Nikos Kazantzakis is arguably the most famous Greek novelist, and among the most translated writers from Greece. A nine-time nominee for the Nobel Prize in Literature, he is especially known abroad as the author of Zorba the Greek and The Last Temptation of Christ, which both garnered additional fame through their respective film adaptations.
His novel O Kapetan Michalis (“Captain Michalis”, 1950), known in English as either Freedom or Death or Freedom and Death, is set in his native island of Crete, during the ill-fated Cretan rebellion of 1889. Its central character, the eponymous Cretan fighter, whose sole purpose in life is the liberation of his home island, feels shaken by his love for Emine, wife of Nurey Bey, his Muslim blood brother.
The island of Crete, home to the oldest civilisation in Europe, had first been conquered by Rome in 69 BC, and later formed part of the Byzantine Empire. In 1212, it came under Venetian rule, until it was conquered by the Ottomans in 1669. A number of revolts would break out against the Ottoman Empire throughout the 19th century, starting with their participation in the Greek War of Independence (1821-1830); other notable uprisings took place in 1841, 1866-69, 1878, 1885, 1889 and 1897-98 – with the last one leading to the establishment of the autonomous Cretan State, which was eventually annexed to the Kingdom of Greece in 1913.
In 1878, on the aftermath of their defeat in the Russo-Turkish War of 1877–1878 and of the Cretan revolt of 1878, the Ottomans were forced to sign the Pact of Halepa, recognising Crete as an autonomous state within the Ottoman Empire. In 1889, the unilateral declaration of Crete’s unification with Greece by members of the Cretan parliamentary assembly led to the declaration of martial law and the pact’s abrogation, with the Ottomans wreaking havoc among the Christian population.
Captain Michalis – Freedom and Death
The book is set in Heraklion, then referred to as Megalo Kastro (“Big Fortress”), and its nearby villages. Its protagonist, Michalis, is the “captain” (leader) of local rebels who fight against the Ottoman rule, whose love for the beautiful Emine will make him temporarily stray from his principles. Presented as a stern man, fully dedicated to the Cretan cause, his character is believed to have been partly inspired by Kazantzakis’s own father, who was also named Michalis. The book also features a multitude of characters whose portrayals and intertwining stories paint a lively canvas of the island and of the Cretan psyche.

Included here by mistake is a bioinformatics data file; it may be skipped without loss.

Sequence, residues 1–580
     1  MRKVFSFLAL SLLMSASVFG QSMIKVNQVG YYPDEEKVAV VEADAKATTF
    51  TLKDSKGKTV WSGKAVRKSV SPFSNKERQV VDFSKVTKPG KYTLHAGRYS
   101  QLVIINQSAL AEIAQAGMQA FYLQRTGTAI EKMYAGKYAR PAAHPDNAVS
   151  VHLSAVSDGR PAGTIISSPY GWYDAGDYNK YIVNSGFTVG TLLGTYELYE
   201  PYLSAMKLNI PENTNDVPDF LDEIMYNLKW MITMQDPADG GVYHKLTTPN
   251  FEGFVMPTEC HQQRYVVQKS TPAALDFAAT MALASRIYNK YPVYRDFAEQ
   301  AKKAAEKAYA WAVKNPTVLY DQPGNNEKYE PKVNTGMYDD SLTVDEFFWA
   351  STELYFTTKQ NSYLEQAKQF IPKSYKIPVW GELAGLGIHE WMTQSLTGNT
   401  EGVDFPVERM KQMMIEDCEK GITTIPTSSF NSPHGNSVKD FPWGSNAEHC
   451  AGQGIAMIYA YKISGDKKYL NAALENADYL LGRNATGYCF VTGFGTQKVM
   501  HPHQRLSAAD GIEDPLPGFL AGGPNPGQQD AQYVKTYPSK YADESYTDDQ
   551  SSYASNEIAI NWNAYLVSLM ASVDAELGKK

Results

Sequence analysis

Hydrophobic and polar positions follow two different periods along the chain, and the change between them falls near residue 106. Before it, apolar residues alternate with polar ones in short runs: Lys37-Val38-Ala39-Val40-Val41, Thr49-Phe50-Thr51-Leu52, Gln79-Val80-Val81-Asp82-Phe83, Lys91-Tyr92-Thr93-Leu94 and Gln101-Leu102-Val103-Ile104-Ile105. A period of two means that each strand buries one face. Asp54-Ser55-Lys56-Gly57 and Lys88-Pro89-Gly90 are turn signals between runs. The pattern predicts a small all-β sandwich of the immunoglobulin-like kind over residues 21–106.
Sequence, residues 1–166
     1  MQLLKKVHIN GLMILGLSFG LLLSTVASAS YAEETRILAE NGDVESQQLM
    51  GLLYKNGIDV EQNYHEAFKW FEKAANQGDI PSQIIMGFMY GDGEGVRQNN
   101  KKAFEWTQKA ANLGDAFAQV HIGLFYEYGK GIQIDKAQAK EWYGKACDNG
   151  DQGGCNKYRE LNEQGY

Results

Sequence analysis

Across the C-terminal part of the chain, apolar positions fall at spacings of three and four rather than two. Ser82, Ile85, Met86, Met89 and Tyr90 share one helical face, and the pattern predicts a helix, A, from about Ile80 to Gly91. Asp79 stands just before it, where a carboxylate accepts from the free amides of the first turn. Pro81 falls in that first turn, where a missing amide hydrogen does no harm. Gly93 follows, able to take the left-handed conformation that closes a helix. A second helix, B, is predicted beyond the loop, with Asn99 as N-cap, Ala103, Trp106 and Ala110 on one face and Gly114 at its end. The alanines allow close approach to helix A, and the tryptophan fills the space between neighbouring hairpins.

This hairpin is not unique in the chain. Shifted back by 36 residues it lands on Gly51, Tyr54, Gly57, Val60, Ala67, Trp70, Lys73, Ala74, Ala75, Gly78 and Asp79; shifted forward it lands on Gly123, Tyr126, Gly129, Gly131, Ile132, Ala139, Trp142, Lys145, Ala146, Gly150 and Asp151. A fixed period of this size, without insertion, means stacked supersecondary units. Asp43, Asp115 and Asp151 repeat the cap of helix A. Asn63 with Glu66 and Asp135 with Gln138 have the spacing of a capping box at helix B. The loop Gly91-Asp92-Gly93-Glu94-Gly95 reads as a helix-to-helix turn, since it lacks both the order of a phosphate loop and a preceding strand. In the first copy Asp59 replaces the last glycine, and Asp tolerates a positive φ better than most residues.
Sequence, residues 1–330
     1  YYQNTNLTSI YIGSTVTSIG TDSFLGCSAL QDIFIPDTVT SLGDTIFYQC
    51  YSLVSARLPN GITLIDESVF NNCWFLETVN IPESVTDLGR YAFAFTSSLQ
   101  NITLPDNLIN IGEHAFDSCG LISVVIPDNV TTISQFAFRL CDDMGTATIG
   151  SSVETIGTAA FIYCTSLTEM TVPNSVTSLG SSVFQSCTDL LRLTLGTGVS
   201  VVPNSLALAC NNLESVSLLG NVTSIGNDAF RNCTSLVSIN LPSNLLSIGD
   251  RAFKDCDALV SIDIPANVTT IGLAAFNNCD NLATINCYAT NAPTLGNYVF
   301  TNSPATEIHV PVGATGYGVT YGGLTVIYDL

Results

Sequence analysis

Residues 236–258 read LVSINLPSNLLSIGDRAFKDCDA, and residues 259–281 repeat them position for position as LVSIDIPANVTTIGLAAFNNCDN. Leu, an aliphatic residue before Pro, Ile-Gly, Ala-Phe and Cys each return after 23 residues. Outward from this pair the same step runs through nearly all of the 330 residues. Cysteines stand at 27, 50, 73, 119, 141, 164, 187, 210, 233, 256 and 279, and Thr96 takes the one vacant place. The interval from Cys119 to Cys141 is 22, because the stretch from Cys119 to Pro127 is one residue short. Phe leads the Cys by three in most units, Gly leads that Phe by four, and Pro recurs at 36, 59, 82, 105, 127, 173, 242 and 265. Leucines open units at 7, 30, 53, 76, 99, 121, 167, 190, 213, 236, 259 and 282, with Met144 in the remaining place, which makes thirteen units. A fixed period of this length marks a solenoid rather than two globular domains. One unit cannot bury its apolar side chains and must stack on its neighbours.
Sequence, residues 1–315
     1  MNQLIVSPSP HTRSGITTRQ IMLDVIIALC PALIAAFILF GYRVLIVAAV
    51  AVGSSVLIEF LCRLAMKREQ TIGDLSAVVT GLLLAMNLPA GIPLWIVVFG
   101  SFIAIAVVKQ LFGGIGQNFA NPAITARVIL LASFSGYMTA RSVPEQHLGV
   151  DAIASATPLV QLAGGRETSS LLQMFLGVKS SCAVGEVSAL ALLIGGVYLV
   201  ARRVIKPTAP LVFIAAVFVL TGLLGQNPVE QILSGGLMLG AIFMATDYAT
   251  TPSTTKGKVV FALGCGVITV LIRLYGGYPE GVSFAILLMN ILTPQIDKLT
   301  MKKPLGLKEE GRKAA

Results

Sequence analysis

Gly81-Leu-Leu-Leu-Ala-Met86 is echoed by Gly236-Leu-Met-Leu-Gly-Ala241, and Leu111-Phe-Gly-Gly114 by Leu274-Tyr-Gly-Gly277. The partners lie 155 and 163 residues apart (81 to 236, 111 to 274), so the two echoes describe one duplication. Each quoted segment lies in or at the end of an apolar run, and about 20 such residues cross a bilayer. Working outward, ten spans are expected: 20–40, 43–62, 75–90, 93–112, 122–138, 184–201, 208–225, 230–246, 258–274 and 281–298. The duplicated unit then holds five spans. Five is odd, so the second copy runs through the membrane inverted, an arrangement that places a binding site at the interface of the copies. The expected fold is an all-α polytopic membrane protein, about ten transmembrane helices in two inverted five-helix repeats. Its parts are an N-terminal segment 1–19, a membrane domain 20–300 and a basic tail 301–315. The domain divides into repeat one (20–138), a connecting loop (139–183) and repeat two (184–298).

Michalis’s quest for freedom goes beyond the struggle for national emancipation, and marks a metaphysical longing for true liberty from all the shackles and conventions of society. Just like the author’s most famous character, Alexis Zorbas, and Odysseus from his epic poem The Odyssey: A Modern Sequel, Captain Michalis exemplifies Kazantzakis’s ideal of a truly free person: one who has let go of all fear and all hope, does not cower before death. This life stance was clearly expressed in his iconic philosophical work Ascesis: The Saviors of God, and later crystalised in the motto “I hope for nothing. I fear nothing. I am free.” which he chose as an epitaph for his grave.
The epitaph on the grave of Nikos Kazantzakis
This novel is arguably Kazantzakis’s most obvious tribute to his Cretan heritage. Besides the historical backdrop of the island’s long-lasting fight against the Ottoman occupation, and the liberal use of the Cretan idiom, it is also obvious that he drew inspiration from the rich Cretan folk tradition, lacing his prose with lines and imagery from folk songs, Cretan mantinades or from Vitsentzos Kornaros’s romance Erotokritos. As famous writer Lawrence Durrell had written in his praising review of the book, the Cretan dialect “is a peculiarly rich and rugged one and its skilful and selective use gives the novel a rough surface and an authenticity of line without in any way making it a costume-piece”.
The novel has been translated into over 20 languages, including German, French, Italian, Spanish, Portuguese, Swedish, Hebrew, Russian and also Turkish. It has been translated into English by Jonathan Griffin, and was published first in the USA under the title Freedom or Death, a novel (1955), and then in the UK as Freedom and Death, a novel (1956).
Kazantzakis was born in Heraklion, Crete, on 18 February 1883 (O.S., 2 March N.S.), when the island still under Ottoman rule. He studied Law at the University of Athens (1902-6) and in 1907 he left for Paris to study philosophy at postgraduate level at the Sorbonne, where he was greatly influenced by Henri Bergson and further developed his already strong interest in Nietzsche.
He often worked as a freelance journalist, and he spent a large part of his life travelling extensively, often residing abroad for months or years on end, and using these experiences in his multifaceted writings. He was married twice, with no offspring. Suffering from leukemia, Kazantzakis would die in Freiburg, Germany, on 26 October 1957.
He published his first novel in 1906 under a pseudonym. Following his return from France he would also publish philosophical essays and translations of philosophical works. Some of his other famous novels include Zorba the Greek (1946), The Greek Passion (1948), The Last Temptation (1951), Saint Francis (1953), The Fratricides (1955) and Report to Greco (1957).
He also published a number of theatrical plays, and was famous for his travel books, where he recounted his experiences from his prolonged visits in several places around the world (including Spain, England Japan, and Russia). In 1955 he also published his famous adaptation of the Iliad into Modern Greek.
Reads also via Greek News Agenda: Nikos Kazantzakis, the Eternal World-roamer; Director Iannis Smaragdis on his Film “Kazantzakis” and on Being “Chosen” by the Subject
N.M. (Intro image via ErtNews)